Another concern, that has been expressed across hundreds of posts, revolves around the timing of the test, with lots of high performing students not finishing or even getting to the essay sections at all, with kids crying and feeling like failures. The message the test has sent is that students must read closely and think critically at the speed of light. Then, too, students must be willing to persist through an inordinately long exam. “These weren't tests that were about testing knowledge- they were about testing a child's stamina” posted a principal, and hundreds of others echoed that sentiment. If the test were a low-stakes pilot, you might say that it was somewhat cruel to experiment on kids this way, but you could let it go that the timing was somewhat off. But because the test is high stakes and is the model of upcoming tests, the timing issues become significant – they imply a model for Common Core level reading and writing that suggests kids read short texts analytically without having the time for rethinking and revising.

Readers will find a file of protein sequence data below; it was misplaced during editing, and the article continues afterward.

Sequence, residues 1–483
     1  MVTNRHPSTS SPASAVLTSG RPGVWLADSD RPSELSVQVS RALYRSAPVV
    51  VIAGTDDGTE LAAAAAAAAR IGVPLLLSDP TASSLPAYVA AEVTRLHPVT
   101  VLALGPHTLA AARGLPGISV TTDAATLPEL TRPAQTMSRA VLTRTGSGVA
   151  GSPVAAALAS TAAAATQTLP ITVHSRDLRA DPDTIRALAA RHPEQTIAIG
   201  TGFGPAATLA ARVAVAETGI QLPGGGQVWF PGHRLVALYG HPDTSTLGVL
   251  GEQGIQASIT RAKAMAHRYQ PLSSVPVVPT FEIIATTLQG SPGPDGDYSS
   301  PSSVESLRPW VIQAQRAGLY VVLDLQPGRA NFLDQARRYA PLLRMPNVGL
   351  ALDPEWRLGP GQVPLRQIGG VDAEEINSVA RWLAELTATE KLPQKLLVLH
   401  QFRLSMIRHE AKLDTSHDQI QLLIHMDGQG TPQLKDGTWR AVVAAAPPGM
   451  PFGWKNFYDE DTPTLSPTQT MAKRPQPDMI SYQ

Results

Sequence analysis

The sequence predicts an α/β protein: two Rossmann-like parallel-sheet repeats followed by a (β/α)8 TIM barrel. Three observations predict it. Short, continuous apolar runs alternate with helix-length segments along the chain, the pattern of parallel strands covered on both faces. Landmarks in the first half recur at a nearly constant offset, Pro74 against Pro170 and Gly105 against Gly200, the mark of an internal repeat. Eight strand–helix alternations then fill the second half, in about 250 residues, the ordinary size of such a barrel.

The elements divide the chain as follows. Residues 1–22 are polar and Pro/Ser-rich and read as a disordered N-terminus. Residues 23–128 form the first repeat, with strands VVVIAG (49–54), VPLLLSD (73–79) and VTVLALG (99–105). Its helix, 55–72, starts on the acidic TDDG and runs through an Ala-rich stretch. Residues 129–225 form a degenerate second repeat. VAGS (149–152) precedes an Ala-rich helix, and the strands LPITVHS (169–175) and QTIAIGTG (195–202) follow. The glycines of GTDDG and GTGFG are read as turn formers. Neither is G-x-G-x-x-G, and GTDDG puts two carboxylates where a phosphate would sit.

There was one other concern, that was raised repeatedly, although we have had to remove posts that refer to specific texts, and that was that passages in the Pearson curriculum resurfaced on the test, sending out the clear message that the path to success in this new Common Core world revolves around purchasing curriculum for a for-profit company. As one principal put it, “I didn’t purchase the Pearson prep this year because I didn’t want to spend thousands of dollars on test prep material. But now my teachers and children may be disadvantaged.”
Because this test will have profound implications for what kids do in classrooms over the next few years, as well as the tests they will take next, we encourage you to visit the site, to view comments, and to post. We also encourage you to click on the link that gives addresses of state legislators who need to hear the voices of their constituents.